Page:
Experimental Theater, National Theater, Taipei
January 29, 2016
Curated by and T.T.C. Dance (張婷婷獨立製作), this year’s Dance Round Table (圓桌舞蹈計畫) proved an interesting and successful bringing together of dancers of different styles and cultural backgrounds, with all four pieces (some serious, some great fun) having the linked theme of duets. T.T.C. artistic director Chang Ting-ting (張婷婷) should be thoroughly congratulated for a cracking evening.
From China, and receiving its premiere, A Line Between Two Points (兩點一線間) by Hui Guanglei (回廣磊) and Lu Yahui (陸雅惠) came in two longer sections and a short coda, all of which could be seen as different aspects of a duet. The first involved the couple moving as one, always linked, each using the other as a platform and support. Lu in particular exhibited much feeling and expression, clearly suggesting meaning and a relationship. In the second, more dynamic part, the togetherness as they ate up the space with their dance was impressive, but no sense of meaning gone, it felt somewhat empty. As a whole, A Line Between Two Points was the least successful (for now) of the evening. The quality of the movement could not be questioned but it did feel a bit like a work in progress, albeit one with promise.
Also new was Excuse Me! by Taipei choreographer-dancer Ruping Wang (王如萍). An unusual opening saw her ask a member of the audience to read some text that formed part of the process of creating the work. It immediately set tone for a dance that may have been a solo in one sense, but that metaphorically at least suggested a duet with someone not there. Packed with meaning, it was at times dramatic and had a sense of loneliness, of someone missing.
There was more powerful dance in Cualquier mañana (any given morning), created and performed by Spanish duo Laura Aris and Álvaro Esteban to original music by Roger Marín. It’s an intimate and physical duet about the natural sadness of broken relationships, and that on any morning things may not be quite what they once were. It opens with Aris drawing lines on Esteban’s arms, shoulders and upper back, which when linked with those already on her, create the infinity symbol. To start there is much nuzzling and getting close, but nothing is for ever, and before long different moments suggest arguments, fights, comings back, being together and walking away. It’s all here and all portrayed very strongly and to great effect.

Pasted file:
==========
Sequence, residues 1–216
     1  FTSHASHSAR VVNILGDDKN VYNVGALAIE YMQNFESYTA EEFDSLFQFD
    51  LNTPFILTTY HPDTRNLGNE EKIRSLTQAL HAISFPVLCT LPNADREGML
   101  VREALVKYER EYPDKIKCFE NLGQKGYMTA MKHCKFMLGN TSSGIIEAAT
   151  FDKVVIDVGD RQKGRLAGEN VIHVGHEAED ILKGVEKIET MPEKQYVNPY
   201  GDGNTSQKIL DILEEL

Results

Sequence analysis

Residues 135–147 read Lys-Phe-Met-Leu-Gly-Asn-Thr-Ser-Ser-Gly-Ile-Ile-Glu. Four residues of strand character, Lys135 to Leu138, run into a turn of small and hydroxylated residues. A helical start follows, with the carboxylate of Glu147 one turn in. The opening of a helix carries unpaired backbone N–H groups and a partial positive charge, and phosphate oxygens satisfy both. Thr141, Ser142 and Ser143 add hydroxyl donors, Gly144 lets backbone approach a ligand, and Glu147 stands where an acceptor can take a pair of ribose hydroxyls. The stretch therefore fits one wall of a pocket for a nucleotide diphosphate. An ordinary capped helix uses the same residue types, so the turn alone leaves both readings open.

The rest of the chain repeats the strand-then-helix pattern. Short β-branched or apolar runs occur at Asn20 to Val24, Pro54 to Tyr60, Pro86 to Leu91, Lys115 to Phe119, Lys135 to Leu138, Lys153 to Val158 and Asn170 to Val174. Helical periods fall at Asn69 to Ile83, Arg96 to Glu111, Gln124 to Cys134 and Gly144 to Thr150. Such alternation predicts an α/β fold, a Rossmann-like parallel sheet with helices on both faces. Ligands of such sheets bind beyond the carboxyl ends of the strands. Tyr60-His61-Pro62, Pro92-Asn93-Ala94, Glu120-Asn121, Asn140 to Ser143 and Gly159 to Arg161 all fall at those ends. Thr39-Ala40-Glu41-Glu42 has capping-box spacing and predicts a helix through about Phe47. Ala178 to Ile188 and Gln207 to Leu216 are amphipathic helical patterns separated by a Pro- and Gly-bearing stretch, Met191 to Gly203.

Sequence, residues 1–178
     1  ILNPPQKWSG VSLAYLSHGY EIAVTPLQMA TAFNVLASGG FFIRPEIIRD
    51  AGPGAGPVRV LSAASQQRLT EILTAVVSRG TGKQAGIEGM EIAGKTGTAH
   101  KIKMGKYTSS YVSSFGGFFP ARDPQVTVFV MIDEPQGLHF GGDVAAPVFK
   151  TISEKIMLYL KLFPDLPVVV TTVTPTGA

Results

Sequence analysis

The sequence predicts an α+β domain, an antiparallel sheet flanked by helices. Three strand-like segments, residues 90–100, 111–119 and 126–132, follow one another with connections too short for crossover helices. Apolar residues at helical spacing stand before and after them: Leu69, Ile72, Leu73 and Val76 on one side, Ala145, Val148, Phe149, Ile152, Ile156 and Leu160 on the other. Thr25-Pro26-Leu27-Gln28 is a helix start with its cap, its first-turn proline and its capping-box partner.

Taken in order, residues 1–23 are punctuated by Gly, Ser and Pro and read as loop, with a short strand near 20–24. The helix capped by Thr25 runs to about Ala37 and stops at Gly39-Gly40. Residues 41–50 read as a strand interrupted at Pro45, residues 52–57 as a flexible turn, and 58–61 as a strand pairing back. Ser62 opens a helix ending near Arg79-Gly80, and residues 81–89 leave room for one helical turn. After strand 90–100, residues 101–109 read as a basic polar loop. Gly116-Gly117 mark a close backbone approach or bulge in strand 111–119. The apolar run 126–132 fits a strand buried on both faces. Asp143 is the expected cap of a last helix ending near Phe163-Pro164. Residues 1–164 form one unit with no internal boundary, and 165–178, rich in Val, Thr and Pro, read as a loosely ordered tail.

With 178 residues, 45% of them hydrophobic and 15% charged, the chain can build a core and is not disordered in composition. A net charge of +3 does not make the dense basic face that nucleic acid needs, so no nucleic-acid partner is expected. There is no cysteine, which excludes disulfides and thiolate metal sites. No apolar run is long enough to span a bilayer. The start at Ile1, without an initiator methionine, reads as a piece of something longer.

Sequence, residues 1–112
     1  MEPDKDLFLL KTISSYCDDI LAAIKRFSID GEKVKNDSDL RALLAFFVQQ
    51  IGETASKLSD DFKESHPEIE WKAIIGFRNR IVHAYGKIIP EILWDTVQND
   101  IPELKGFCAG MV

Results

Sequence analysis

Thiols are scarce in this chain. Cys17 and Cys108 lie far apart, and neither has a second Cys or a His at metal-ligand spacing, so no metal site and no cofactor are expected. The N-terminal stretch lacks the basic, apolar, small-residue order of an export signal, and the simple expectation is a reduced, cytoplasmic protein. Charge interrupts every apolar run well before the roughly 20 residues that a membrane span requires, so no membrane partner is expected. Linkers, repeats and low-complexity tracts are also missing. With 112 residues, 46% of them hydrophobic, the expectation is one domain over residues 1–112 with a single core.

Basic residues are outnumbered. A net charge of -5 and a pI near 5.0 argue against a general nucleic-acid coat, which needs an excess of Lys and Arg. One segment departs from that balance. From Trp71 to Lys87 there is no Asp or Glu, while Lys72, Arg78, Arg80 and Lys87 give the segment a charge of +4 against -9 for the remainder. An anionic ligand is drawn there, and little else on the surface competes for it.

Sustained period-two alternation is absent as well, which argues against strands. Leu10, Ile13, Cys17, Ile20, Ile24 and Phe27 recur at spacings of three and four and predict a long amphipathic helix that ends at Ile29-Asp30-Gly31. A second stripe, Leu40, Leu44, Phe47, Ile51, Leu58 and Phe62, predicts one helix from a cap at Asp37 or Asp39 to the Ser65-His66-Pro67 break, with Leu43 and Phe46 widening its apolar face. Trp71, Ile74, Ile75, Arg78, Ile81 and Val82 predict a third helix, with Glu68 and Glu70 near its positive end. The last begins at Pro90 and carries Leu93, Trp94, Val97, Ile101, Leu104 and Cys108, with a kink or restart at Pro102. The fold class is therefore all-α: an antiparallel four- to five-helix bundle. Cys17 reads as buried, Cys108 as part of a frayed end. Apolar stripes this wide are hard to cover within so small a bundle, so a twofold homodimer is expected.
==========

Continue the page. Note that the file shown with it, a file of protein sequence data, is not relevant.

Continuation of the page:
And so to O(h), or rather a couple of extended excerpts from the full 70-minute piece by Liz Casebolt and Joel Smith (aka casebolt and smith). It may only have been late January, but if I see another piece this year that’s as much fun, I’ll be doing very well indeed. The pair left you wanting to see the whole piece, which is about as good a recommendation as you can get.
The couple rip apart the process of making dance, but although they busy debunking and making fun of contemporary dance in particular, it’s all done very gently and with disarming charm. There’s much lightning-fast banter, and speaking directly to the audience as they explain what they are doing. They’ve been working together for ten years and it shows. It looks so effortless.
They explain that while they do duets, that is what they are all about, although they don’t do the kinds of duets you see at other dance shows. “It’s important to be clear,” they continue, demonstrating via a long sequence that includes much extending of arms and other gestures while standing side by side. It’s all subsequently explained. Well, sort of, because, of course, there are several possible meanings for each piece of movement. It’s playful, humorous and the timing – comic and dance – is spot on.
Along the way, there’s play on the fact that they are friends, “just friends” as they keep reminding us, that he is gay and she is not, and some direct references towards classics such as Ailey’s Revelations and Kylian’s Petite Mort.
When it came to the omitted middle part of the show, Smith filled us in, explaining neatly that we missed a couple of solos and a duet that involved an interview using a microphone, “because that’s really trendy in contemporary dance right now.”
The excerpts closed with a structured improvisation that usually ends the piece and in which the couple make a duet (what else!). He gives her lyrics and she sings. She choreographs and he moves. It’s quick-fire stuff, with some of the exaggerations downright hilarious.
While O(h) is often irreverent, Casebolt and Smith do pose some questions about dance and choreography as they explore the dance-making process and most audience’s need for some meaning. But it’s having fun that’s important, and their love for the art form shines through. And if you don’t smile and laugh along with them, dare I suggest you might be taking your dance a tad too seriously.